Shaw Friends Redesign

Design, User Experience


During my time on the Shaw Communications Digital Design team, I have had the pleasure of tackling a few larger scale UX exercises, this Shaw Friends redesign being one of them. Spanning a couple of months, myself and another User Experience and Design professional worked with stakeholders to first identify key weaknesses and strengths in the presentation and program of Shaw Friends, as well as taking into account areas that stakeholders wanted to add, remove or bolster in the program.

First, as with most projects, we assessed what the stakeholders were asking for and included them along the way as we did research about the service, checked what users were saying, did extensive heuristic reviews of the existing service, and provided high level suggestions back to those stakeholders about what we thought should be done with the program. From bandaids to full on cure.


Once us and the stakeholders were aligned on an overall vision we began to prototype some updates to the program, slotting the work into phases. Each phase consisted of a certain amount of work, giving stakeholders reasonable amounts of items to digest at a time, and reducing the risk of a big “wow” moment with the visuals (the slightly more subjective part of designing something) that could have people really impressed or really disappointed.

We also try to enforce a framework of thinking: Discover, Decide, Design, Deliver, rinse and repeat. Basically, this is the notion of iterative design that many design professionals preach, that a design is never “perfect”. You should do your research, make informed decisions, and deliver something amazing, but then you should measure its successes, and improve upon the weak areas. You also have to keep in mind that objectives, goals, and expectations all evolve as time moves on, and therefore every design should be reexamined as needed.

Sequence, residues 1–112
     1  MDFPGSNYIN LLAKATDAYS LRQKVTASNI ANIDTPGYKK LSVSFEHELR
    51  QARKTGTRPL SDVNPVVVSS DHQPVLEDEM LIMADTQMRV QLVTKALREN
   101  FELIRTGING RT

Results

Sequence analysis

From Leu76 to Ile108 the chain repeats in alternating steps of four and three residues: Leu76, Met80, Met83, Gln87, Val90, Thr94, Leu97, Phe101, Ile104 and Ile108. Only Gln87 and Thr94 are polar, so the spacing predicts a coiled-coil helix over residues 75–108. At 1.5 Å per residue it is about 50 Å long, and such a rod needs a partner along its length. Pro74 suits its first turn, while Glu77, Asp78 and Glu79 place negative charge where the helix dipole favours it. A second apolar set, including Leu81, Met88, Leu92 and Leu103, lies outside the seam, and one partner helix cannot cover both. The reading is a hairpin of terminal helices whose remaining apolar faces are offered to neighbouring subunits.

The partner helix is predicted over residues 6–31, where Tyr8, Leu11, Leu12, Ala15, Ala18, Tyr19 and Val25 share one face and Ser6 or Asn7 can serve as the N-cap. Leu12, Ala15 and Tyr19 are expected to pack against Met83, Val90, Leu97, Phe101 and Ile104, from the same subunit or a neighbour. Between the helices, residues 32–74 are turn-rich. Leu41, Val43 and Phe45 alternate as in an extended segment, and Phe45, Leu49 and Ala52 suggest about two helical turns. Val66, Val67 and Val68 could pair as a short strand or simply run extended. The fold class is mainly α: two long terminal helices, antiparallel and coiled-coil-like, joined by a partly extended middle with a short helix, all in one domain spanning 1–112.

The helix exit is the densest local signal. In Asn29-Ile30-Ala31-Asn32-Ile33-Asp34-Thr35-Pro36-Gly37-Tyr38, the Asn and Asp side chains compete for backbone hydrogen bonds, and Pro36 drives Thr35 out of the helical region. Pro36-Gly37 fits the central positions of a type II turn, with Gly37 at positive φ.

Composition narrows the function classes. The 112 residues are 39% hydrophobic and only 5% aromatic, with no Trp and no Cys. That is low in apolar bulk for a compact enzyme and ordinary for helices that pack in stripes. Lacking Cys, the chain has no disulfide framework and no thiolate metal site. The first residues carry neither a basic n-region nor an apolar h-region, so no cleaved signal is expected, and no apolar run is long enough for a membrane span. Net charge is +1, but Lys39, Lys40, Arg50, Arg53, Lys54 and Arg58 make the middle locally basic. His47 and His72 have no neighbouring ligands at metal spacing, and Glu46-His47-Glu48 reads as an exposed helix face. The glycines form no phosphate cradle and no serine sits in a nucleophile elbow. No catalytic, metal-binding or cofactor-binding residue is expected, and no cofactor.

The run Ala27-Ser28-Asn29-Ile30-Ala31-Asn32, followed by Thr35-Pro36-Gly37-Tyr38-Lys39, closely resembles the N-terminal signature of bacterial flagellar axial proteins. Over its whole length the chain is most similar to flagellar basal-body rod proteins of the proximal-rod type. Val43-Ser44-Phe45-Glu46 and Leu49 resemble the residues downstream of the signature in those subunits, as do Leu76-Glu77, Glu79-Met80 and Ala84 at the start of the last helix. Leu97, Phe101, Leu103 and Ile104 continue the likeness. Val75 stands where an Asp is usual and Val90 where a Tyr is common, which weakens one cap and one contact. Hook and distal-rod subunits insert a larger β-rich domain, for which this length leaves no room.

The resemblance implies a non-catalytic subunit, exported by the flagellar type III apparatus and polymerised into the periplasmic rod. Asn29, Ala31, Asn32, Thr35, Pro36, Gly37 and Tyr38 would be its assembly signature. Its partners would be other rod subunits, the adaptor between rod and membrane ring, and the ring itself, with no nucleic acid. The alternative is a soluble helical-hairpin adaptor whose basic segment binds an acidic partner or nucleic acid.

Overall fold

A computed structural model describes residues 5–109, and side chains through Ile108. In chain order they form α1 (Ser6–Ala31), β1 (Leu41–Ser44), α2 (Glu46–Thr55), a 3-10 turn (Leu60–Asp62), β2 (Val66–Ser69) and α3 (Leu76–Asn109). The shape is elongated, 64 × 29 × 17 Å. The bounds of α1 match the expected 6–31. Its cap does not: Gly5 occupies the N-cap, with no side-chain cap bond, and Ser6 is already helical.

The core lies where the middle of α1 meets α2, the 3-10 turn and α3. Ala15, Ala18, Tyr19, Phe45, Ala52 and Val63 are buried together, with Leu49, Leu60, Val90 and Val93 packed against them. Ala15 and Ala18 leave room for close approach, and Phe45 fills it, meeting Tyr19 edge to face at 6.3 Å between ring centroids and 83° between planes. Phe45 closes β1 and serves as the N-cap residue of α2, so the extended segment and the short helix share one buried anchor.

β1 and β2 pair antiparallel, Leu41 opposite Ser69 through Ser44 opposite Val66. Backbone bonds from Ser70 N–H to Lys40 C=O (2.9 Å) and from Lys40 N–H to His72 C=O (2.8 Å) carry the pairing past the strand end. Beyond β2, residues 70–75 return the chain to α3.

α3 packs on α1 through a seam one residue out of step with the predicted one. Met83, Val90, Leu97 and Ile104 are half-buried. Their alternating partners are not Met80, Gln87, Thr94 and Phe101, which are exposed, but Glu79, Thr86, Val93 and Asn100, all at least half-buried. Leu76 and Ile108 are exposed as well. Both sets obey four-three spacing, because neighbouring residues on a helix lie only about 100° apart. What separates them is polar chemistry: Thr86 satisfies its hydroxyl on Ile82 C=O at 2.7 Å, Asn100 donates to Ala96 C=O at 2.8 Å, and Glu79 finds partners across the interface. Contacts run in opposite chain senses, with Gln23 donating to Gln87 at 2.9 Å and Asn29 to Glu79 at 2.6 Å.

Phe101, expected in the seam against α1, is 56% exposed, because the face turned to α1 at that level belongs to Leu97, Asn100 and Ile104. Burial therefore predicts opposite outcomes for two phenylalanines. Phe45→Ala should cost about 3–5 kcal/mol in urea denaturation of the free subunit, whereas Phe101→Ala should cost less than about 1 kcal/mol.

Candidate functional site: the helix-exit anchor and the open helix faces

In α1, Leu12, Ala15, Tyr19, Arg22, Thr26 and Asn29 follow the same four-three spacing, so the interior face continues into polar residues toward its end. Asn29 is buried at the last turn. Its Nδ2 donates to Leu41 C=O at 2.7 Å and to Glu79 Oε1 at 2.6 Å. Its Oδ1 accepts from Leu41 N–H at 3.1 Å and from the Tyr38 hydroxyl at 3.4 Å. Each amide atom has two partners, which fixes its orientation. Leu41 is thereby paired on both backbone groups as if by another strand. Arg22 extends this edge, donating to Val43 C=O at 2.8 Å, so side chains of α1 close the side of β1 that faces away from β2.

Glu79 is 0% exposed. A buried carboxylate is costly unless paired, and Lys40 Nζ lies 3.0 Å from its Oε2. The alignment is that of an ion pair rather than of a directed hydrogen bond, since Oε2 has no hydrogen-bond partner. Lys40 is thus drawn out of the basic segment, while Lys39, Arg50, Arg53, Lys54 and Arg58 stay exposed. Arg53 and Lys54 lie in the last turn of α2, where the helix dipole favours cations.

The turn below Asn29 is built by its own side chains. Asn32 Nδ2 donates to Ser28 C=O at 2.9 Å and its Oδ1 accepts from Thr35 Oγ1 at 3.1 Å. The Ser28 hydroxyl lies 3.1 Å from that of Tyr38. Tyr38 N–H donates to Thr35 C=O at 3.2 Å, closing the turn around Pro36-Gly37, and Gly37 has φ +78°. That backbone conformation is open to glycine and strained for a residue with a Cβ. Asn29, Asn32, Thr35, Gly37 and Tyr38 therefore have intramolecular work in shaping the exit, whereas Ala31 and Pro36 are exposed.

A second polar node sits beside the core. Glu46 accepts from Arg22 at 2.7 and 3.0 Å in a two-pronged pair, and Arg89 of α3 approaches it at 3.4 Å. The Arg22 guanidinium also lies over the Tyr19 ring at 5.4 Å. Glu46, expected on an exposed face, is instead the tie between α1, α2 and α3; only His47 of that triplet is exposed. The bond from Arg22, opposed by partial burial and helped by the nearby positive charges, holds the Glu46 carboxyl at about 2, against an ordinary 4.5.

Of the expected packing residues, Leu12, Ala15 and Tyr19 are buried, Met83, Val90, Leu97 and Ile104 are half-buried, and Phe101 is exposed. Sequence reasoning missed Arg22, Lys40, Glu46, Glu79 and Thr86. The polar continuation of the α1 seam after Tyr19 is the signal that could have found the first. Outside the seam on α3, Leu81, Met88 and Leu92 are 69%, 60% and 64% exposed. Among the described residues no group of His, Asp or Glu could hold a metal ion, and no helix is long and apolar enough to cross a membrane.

The program was altered in a few significant ways. What was once a large amount of fragmented webpages and experiences lacking information on what was included in the program or how to activate member benefits became two new unique user flows, one for members and one for acquisition. Each flow had its own focus and provided detailed information based on that focus, as well as becoming a hub to link out to more information where necessary. Rather than displaying every last bit of information for every service, linking out to various other areas of Shaw’s web properties for the information helped reduce production time where updates are concerned with the program, reduced redundancies in duplicate data, and not confuse the user with too much information at once.







New collateral was made to help support the program, such as emails, advertisements, add-ins on other pages and and Shaw properties. There were technical constraints due to technical debt and CMS limitations, but ultimately we were able to make significant updates to the entire Shaw Friends user flow, with more phased updates slotted for the future. Some of that work is shown here, but this is merely a visual glimpse and this was largely a UX exercise before it was a visual exercise. Thanks for checking it out!